On 9 July 2014, the EC published proposals (the White Paper) to reform the European Merger Regulation (Merger Regulation). The White Paper spins forward the public consultation which the EC kicked off based on a Staff Working Document in summer 2013 (see related article in the Schoenherr Roadmap 2014).
At present the EC has limited powers to capture and review non-controlling minority shareholdings. The White Paper now introduces the concept of a “targeted transparency system”. It suggests that minority shareholding in a competitor or directly vertically related company would trigger the EC’s jurisdiction if the acquired shareholding is (i) above 20% or (ii) between 5% and 20%, but combined with “additional factors” (ie, rights that give the acquirer a de-facto blocking minority, a seat on the board of directors or access to commercially sensitive information of the target).
The EC of the White Paper was sent to public consultation. It is uncertain whether the new Commissioner (see below) will endorse the legislative initiative launched by her predecessor. If so, the targeted transparency system of the White Paper is likely to be the mechanism we will see introduced into the Merger Regulation. Once adopted the impact is anticipated to go beyond the EU merger control regime. We expect that national legislators in and outside the EU will review their respective merger regimes with a view to capture non-controlling minority shareholdings.
Margrethe Vestager, former Deputy Prime Minister of Denmark, was nominated by the Juncker’s team to become the new EU Competition Commissioner for an term of five years, beginning 1 November 2014. Her appointment was confirmed by the European Parliament (EP) in October 2014. During the hearing before the EP, Ms. Vestager addressed a number of issues that she would like to focus on during her five-year term in office. She confirmed the importance of competition policy to Europe and declared to resist political pressure from the member states, notably when it comes to pressure for protectionism. The enforcement against cartels is said to be a top priority during her term. Moreover, the Competition Commissioner designate welcomed initiatives that encourage private damages actions.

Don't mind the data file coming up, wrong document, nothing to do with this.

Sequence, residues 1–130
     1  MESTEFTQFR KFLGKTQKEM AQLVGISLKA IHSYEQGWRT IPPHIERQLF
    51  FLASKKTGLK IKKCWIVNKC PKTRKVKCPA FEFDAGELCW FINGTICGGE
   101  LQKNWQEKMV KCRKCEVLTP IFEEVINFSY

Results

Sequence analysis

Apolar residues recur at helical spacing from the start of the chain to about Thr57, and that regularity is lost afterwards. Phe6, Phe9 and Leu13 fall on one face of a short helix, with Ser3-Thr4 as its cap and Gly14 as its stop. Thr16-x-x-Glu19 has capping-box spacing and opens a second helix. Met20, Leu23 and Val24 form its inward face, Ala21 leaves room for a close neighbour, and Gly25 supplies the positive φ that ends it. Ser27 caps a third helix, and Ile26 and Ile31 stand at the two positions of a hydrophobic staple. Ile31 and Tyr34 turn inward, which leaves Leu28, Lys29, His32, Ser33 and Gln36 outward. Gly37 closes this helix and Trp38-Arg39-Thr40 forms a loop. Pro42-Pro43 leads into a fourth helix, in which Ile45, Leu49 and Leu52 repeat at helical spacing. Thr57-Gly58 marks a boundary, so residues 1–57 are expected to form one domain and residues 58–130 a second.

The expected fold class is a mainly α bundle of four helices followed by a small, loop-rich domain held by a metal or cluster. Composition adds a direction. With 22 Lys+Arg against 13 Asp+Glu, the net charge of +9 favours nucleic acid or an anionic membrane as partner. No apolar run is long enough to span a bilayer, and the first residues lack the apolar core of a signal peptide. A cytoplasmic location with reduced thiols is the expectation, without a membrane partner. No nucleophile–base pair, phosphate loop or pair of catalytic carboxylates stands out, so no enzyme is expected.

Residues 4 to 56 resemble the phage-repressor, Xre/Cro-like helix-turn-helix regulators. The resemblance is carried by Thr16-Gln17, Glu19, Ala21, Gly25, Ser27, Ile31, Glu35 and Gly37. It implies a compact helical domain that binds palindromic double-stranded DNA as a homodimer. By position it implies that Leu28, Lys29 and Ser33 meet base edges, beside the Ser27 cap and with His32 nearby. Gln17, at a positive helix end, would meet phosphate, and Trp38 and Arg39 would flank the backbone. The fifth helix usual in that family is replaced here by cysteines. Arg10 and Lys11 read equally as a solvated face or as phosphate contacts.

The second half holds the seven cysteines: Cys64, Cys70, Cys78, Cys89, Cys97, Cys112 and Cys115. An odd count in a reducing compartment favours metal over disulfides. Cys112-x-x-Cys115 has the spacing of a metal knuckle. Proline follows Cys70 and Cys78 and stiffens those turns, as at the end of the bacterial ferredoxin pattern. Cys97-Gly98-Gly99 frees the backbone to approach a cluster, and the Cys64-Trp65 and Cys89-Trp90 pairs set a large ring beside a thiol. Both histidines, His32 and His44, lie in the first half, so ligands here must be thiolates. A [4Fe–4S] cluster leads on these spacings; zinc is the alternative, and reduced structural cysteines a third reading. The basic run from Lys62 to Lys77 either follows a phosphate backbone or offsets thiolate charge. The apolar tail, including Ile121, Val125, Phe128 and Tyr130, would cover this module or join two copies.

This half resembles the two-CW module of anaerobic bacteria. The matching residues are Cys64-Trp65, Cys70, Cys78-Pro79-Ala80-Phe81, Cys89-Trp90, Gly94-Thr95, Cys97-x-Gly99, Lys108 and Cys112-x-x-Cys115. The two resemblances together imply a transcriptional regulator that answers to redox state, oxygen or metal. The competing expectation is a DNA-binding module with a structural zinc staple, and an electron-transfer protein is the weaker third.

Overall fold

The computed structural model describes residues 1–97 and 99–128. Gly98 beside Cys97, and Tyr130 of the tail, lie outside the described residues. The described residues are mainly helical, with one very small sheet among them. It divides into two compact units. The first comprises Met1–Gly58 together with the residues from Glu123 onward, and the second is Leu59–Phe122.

This is in line with the mission letter of Juncker in which he asked Vestager to focus on mobilising competition policy tools and market expertise so that they contribute to the EC’s jobs and growth agenda, including in areas such as the digital single market, energy policy, financial services, industrial policy and the fight against tax evasion.
Little is known about Margrethe Vestager. The Competition community looks forwards to seeing how she shapes competition policy in the EC’s next term.
The competition world after the Intel judgment is one of uncertainty, leaving companies in limbo as to which test to apply.
authors: Volker Weiss, Claudia Bock
Office Managing Partner
belgium / EU